The measure will generally come into effect on March 22, 2016, with exceptions for pre-Budget Day situations where GST/HST has already been charged, collected, remitted or paid.

Tour Package Accommodations

Budget 2017 proposes to repeal the GST/HST rebate available to non-residents for the GST/HST that is payable in respect of the accommodation portion of eligible tour packages. The Budget indicates that the Government will invest in enhanced tourism marketing.

This repeal will generally apply in respect of supplies of tour packages or accommodations made after Budget Day. As a transitional measure, the rebate will continue to be available in respect of a supply of a tour package or accommodations made before January 1, 2018 if all of the consideration for the supply is paid before January 1, 2018.

Tobacco Taxation

Budget 2017 proposes to eliminate the tobacco manufacturers’ surtax. In order to maintain the intended tax burden of the manufacturers’ surtax on tobacco products, Budget 2017 also proposes to increase tobacco excise duty rates, effective the day after Budget Day. The increased excise taxes will apply to inventory of tobacco products at the end of Budget Day, to be remitted by May 31, 2017.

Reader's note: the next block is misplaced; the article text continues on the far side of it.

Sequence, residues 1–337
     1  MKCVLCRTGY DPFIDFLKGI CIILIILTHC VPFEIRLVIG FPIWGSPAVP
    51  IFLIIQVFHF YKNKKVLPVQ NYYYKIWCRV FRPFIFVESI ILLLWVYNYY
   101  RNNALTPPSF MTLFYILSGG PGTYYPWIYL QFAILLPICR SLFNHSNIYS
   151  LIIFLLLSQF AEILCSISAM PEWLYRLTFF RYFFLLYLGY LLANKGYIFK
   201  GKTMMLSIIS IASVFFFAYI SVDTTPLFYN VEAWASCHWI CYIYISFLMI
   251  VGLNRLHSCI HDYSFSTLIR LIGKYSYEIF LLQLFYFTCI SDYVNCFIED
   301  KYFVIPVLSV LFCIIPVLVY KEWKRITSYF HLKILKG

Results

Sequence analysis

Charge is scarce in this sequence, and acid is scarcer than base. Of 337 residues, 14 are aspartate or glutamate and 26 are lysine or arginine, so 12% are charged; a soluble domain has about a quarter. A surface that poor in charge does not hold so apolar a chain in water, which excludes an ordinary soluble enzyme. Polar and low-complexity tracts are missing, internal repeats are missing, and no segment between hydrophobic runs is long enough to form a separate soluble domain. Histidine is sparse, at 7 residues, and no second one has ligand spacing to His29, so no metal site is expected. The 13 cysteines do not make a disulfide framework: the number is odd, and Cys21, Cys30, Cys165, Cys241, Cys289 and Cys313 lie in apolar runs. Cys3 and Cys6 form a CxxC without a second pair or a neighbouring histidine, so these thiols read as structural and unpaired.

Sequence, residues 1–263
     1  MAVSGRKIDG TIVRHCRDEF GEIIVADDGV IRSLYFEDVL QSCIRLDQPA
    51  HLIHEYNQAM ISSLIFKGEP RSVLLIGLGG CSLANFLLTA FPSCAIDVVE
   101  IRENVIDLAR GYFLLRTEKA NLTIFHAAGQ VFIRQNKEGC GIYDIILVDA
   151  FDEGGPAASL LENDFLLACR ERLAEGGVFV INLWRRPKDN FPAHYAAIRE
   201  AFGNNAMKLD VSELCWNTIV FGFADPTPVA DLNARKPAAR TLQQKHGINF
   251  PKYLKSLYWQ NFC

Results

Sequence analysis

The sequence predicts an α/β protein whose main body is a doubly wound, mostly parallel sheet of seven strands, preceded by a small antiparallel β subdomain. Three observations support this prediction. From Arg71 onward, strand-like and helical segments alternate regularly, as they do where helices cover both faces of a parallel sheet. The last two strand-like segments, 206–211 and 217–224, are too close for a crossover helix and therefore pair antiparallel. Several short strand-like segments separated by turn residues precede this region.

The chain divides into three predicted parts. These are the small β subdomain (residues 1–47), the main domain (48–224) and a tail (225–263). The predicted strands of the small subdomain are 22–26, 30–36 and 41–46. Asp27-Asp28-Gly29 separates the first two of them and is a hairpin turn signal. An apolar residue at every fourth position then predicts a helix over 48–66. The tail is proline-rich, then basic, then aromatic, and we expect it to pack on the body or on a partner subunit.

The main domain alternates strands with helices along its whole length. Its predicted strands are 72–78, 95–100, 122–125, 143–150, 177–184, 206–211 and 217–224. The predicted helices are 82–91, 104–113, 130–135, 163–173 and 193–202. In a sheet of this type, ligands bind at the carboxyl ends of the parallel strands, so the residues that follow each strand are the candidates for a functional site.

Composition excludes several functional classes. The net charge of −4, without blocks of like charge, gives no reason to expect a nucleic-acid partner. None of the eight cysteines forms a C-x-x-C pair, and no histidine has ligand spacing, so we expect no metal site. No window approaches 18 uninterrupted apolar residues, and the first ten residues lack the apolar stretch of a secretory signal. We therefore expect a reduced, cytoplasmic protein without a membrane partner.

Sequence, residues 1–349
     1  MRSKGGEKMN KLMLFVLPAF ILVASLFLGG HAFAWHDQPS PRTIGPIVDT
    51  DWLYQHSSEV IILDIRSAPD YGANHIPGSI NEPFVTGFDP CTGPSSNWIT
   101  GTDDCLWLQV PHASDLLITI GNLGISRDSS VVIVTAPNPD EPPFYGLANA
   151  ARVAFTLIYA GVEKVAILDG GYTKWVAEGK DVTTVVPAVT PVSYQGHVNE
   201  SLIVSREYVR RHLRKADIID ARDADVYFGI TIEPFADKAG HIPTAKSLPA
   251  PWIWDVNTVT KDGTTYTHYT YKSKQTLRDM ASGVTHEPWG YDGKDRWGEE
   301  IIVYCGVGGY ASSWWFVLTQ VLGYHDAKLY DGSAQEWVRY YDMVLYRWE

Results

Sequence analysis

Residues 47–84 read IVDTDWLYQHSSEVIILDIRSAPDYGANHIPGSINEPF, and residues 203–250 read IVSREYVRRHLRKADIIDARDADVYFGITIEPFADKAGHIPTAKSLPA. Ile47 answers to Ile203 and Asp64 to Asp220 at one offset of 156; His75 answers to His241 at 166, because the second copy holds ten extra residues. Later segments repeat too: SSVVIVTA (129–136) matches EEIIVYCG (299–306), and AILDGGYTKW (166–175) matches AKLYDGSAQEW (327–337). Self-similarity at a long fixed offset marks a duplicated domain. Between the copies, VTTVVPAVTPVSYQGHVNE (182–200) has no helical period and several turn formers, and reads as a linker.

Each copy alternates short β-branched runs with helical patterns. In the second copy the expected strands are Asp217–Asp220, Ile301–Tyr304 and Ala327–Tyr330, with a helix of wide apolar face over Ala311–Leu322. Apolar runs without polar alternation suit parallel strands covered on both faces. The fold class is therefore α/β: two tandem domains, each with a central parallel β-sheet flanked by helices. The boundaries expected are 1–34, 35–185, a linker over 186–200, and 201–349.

Alcohol Taxation

Budget 2017 proposes that excise duty rates on alcohol products be increased by 2 per cent effective the day after Budget Day, in respect of duty that becomes payable after that date. No special inventory tax will apply to alcohol products on which duty has been paid. In order to maintain their effectiveness, it is also proposed that the rates be automatically adjusted by the Consumer Price Index on April 1 of every year, starting in 2018.

E. Other Measures

Corporate and Beneficial Ownership Transparency

The Government will collaborate with provinces and territories to put in place a national strategy to strengthen the transparency of legal persons and legal arrangements and improve the availability of beneficial ownership information.

 These actions are aimed to give law enforcement and other authorities timely access to the information needed to crack down on money laundering, terrorist financing and tax evasion and to combat tax avoidance.

Electronic Distribution of T4 Information Slips

Budget 2017 proposes to allow employers to distribute T4 (Statement of Remuneration Paid) information slips electronically to current active employees without having to obtain express consent from those employees in advance. Required privacy safeguards will be specified by the Minister of National Revenue. Paper T4s will continue to be required for some employees.

This measure will apply in respect of T4s issued for the 2017 and subsequent taxation years.

Employment Insurance